It is wise to consider paying for all or some of your funeral costs in advance. There are two main reasons:
(1) It enables you to make the difficult time of death easier, financially, for your family when they need it.
(2) It gives you the chance to make choices about the kind of funeral that you would like to have. This article mainly addresses the first point.
There are a few ways to ensure your funeral service and the costs involved are covered when the time comes. Here, we will discuss the difference between two main options, Funeral Insurance and Funeral Bonds.
What is Funeral Insurance?
Funeral insurance is a policy that will give your family a lump sum payment to assist in paying for funeral and related expenses when you pass away. It is important to remember that with funeral insurance, you are buying insurance to meet the costs of a funeral at a future date, not saving for funeral costs.
Features of Funeral Insurance
- Cover: Cover is immediate with exclusions. You can purchase cover today however most policies only cover accidental death in the first 2 years. Make sure to read and question your policy details if unsure.
- Payment: Insurance requires ongoing monthly, fortnightly payments or premiums for a fixed value of cover, which is typically between $5,000-$15,000. The money is paid to your beneficiary when you pass away to help cover funeral expenses.
- Premiums: Premiums increase with age and grow over time. They can rise steeply for people aged 50+ and can result in people cancelling their policy in a few years.
For example, if you take out $10,000 in fixed cover and pay a monthly premium of $100, you would have paid out more than the cover in 9 years, and this is without the premiums rising.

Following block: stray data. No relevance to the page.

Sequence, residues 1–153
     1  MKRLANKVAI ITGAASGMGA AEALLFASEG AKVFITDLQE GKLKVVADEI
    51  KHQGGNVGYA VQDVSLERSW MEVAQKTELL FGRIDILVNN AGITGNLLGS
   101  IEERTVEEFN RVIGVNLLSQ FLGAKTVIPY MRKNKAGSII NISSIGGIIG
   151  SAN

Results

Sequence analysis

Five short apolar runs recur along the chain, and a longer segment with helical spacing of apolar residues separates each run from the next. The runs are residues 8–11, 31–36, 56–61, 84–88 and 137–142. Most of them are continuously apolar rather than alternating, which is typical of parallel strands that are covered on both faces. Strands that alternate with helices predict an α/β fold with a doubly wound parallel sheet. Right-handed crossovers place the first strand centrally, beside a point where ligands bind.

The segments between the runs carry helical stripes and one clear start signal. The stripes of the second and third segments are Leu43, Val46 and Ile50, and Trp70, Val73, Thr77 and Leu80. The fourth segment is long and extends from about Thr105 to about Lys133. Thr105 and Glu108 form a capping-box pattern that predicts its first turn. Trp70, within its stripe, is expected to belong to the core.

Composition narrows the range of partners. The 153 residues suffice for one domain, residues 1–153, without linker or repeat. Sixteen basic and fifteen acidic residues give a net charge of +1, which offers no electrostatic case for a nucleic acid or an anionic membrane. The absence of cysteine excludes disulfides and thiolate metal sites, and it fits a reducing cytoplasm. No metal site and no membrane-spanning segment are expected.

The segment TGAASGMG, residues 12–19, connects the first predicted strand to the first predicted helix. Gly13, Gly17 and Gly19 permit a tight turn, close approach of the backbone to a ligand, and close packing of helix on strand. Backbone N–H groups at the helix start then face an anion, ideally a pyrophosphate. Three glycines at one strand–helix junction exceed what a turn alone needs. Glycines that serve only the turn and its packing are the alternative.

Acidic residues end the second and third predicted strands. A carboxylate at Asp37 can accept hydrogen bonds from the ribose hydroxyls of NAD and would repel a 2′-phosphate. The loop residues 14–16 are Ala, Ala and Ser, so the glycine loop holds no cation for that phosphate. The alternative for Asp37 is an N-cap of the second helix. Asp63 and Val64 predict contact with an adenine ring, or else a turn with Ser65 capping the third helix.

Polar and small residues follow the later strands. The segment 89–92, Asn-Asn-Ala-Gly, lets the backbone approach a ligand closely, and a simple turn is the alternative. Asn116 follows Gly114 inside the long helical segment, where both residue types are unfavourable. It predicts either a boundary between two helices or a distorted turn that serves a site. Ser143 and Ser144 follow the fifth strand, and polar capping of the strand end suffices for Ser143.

- Cancelling a Policy: Premium payments can become unaffordable over time and result in cancellation. Unfortunately, people lose the benefit of the premiums they have already paid once they have cancelled a policy.
- Receiving Funds: It can take time for your family to receive the funds for your funeral in some circumstances. If there are any questions around the cause of death it may take even longer.
It is important to weigh up the benefits and issues surrounding funeral insurance when deciding if it is the right option for you. Despite funeral insurance advertising filling up daytime TV commercials, there are other options available to ensure you don’t find yourself drowning in premiums.
What are Funeral Bonds?
Funeral bonds are managed investments that can help you save for funeral expenses. Funds can only be withdrawn after your death, and can only be used to pay for your funeral.
Features of Funeral Bonds
- Management: money within a funeral bond must be held in an independently managed funeral fund.
- Interest: The interest of funeral bonds must be added (or re-invested) into the capital.
- Access: The funds can be accessed after your death and can only be used for funeral costs. Only your estate or funeral director can release the money.
- Asset Tests: Money invested in funeral bonds (up to an allowable limit) is not subject to asset or income tests for your Age Pension.
- Exempt Bonds: If you have assigned the fund to a funeral director for a fully prepaid funeral service and have a contract that sets out the services that are paid in full your funeral bond will not count as an assessable asset.
- Payment: You are able to contribute via a lump sum or by monthly payments up until you reach the selected value of your bond. Keep in mind that returns may not reflect inflation.
If you wish to pay for your funeral in advance but do not wish to think about the details then funeral bonds can be a suitable option for you. Ensure you read Disclosure Documents carefully and agree to terms.
Of course, there are other options you could consider for paying your funeral costs in advance, such as:
- Setting up a dedicated savings account.
- Making additional contributions to your Super fund to cover the costs.
- Purchasing a ‘Prepaid’ funeral package.
If you are considering the last option, you can visit our pre-plan funeral information to find out more.
*This article is to be used as a guide and is not to be substituted for specific financial advice.